Journal policies and registration of randomised-controlled trials of non-regulated healthcare interventions: A cross-sectional study




Poster session 1 Wednesday: Evidence production and synthesis


Wednesday 13 September 2017 - 12:30 to 14:00


All authors in correct order:

Azar M1, Riehm K2, Saadat N1, Sanchez T3, Chiovitti M3, Qi L1, Rice D1, Levis B1, Fedoruk C1, Levis A1, Kloda L4, Kimmelman J1, Benedetti A1
1 McGill University, Montreal, Qc, Canada, Canada
2 McGill University, Canada
3 Jewish General Hospital, Montreal, Qc, Canada, Canada
4 Concordia University, Montreal, Qc, Canada, Canada
Presenting author and contact person

Presenting author:

Brooke Levis

Contact person:

Abstract text
Background: Prospectively registering randomised controlled trials (RCTs) is an integral part of proper trial conduct and is enforced for trials of regulated interventions including drugs, biologics and devices. However, the registration of trials of non-regulated interventions including diets, exercise, surgery and therapies has received less attention.

Objectives: In the current study, we performed a search of RCTs of non-regulated interventions to assess: 1) journal prospective trial registration policies; 2) the proportion of prospectively registered RCTs; and, 3) the adequacy of outcome registration.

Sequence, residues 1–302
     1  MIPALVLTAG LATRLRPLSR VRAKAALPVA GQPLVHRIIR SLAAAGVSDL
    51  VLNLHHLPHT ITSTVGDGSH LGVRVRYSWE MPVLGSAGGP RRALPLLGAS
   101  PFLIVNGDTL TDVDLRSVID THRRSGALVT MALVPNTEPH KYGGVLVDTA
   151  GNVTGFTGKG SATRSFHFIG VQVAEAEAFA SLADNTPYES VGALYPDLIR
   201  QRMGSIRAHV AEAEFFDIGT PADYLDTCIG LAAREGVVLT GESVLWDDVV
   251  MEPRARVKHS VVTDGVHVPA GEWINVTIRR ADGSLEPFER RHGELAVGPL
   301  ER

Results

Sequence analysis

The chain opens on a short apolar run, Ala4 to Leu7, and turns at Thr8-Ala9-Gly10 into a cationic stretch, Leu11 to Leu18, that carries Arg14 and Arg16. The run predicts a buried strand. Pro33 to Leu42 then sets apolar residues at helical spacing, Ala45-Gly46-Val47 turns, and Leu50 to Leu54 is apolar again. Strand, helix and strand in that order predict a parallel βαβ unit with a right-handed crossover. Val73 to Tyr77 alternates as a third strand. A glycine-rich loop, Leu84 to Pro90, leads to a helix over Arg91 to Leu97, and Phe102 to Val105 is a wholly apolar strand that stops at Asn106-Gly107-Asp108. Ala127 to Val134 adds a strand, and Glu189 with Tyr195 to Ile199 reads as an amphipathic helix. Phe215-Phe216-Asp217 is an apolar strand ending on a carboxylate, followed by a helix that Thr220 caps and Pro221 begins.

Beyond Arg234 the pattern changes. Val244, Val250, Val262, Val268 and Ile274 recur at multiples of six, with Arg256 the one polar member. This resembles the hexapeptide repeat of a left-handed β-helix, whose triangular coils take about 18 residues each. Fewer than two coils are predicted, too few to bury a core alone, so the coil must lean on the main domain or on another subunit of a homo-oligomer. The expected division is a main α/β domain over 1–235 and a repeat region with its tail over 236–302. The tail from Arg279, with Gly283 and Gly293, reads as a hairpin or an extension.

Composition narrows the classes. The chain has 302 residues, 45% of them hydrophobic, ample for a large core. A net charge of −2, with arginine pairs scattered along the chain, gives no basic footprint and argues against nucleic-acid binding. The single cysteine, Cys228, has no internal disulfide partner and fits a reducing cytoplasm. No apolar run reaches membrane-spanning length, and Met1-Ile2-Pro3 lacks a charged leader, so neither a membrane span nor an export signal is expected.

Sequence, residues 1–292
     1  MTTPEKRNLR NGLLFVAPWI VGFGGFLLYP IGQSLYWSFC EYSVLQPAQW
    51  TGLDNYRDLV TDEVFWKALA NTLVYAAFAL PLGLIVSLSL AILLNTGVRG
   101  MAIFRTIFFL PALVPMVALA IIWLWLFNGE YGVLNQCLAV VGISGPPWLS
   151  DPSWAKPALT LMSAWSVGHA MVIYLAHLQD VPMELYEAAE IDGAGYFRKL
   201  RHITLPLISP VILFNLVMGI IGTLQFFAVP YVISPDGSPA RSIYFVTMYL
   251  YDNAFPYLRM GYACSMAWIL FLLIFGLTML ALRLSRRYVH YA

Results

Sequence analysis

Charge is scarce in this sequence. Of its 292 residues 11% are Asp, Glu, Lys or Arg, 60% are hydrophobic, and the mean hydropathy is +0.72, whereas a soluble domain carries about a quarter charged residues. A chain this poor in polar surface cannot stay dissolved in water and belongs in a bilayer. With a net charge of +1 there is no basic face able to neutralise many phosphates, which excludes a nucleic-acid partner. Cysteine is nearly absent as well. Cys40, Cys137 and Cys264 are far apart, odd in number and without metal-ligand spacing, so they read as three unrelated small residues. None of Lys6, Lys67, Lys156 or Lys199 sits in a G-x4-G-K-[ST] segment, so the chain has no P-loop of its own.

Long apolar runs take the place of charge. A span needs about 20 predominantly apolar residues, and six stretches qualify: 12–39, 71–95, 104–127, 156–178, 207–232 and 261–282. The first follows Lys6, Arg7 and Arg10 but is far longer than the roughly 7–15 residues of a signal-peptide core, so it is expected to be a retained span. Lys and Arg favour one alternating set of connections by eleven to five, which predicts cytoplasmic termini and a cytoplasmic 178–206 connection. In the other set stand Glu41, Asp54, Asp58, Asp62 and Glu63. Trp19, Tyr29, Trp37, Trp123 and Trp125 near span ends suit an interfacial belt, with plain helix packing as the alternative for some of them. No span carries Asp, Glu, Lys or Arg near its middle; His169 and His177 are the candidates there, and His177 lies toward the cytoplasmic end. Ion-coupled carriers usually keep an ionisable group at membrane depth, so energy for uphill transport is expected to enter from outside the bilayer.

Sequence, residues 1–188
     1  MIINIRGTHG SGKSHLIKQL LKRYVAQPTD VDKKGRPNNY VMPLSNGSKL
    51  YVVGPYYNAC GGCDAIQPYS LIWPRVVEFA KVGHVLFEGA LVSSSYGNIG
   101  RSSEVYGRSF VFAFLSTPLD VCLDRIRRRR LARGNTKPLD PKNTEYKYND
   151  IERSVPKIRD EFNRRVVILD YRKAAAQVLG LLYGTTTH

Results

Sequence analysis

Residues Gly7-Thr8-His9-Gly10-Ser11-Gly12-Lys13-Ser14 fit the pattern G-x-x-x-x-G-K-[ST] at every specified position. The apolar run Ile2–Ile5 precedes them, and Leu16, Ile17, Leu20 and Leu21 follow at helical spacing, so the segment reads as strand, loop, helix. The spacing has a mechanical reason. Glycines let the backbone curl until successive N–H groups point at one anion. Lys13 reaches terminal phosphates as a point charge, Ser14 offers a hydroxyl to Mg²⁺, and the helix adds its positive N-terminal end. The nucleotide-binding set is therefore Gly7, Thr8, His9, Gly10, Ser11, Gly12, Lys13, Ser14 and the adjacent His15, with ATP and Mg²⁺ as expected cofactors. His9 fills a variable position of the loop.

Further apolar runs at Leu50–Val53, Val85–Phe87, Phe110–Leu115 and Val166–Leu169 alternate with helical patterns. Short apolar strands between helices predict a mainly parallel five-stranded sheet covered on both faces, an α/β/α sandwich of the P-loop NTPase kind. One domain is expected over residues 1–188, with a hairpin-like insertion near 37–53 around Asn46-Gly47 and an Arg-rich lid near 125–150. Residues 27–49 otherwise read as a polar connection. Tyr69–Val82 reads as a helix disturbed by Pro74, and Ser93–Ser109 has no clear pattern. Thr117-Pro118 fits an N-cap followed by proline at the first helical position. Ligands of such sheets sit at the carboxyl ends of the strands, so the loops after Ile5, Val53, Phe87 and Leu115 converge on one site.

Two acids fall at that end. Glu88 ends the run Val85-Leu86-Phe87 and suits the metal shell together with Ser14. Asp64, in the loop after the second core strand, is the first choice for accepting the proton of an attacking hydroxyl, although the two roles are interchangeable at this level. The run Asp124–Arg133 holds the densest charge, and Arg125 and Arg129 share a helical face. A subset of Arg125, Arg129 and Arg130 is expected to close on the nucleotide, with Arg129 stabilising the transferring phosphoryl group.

Methods: The search strategy included all journals listed in the 2014 Thomson Reuters Journal Science Citation Index - Expanded categories of behavioural sciences, nursing, nutrition & dietetics, psychology, rehabilitation and surgery. We searched daily for RCTs of non-regulated interventions that appeared in PubMed from 18 March to 17 September 2016. Information on journal-registration requirements, trial registration and outcome definition was extracted.

Results: We reviewed 953 eligible trials published in 254 journals. Among the 254 journals, 43 (16.9%) journals required prospective registration of published trials. Of 953 included trials, only 189 (19.8%) were registered prospectively. Only 60 of the 454 registered trials (13.2%) were registered pre-enrolment, clearly defined a primary outcome variable and time point, and were considered as adequately registered. Of the 60 articles reporting on trials with adequately registered outcomes, 35 (58.3%) articles reported outcomes analyses in a manner that was consistent with registered outcomes.

Conclusion: The rate of registration of RCTs of non-regulated interventions, the rate of registration and the adequacy of outcome definition is less than ideal. Greater efforts beyond journal policies to increase prospective trial registration practices and adequate reporting of outcomes are warranted.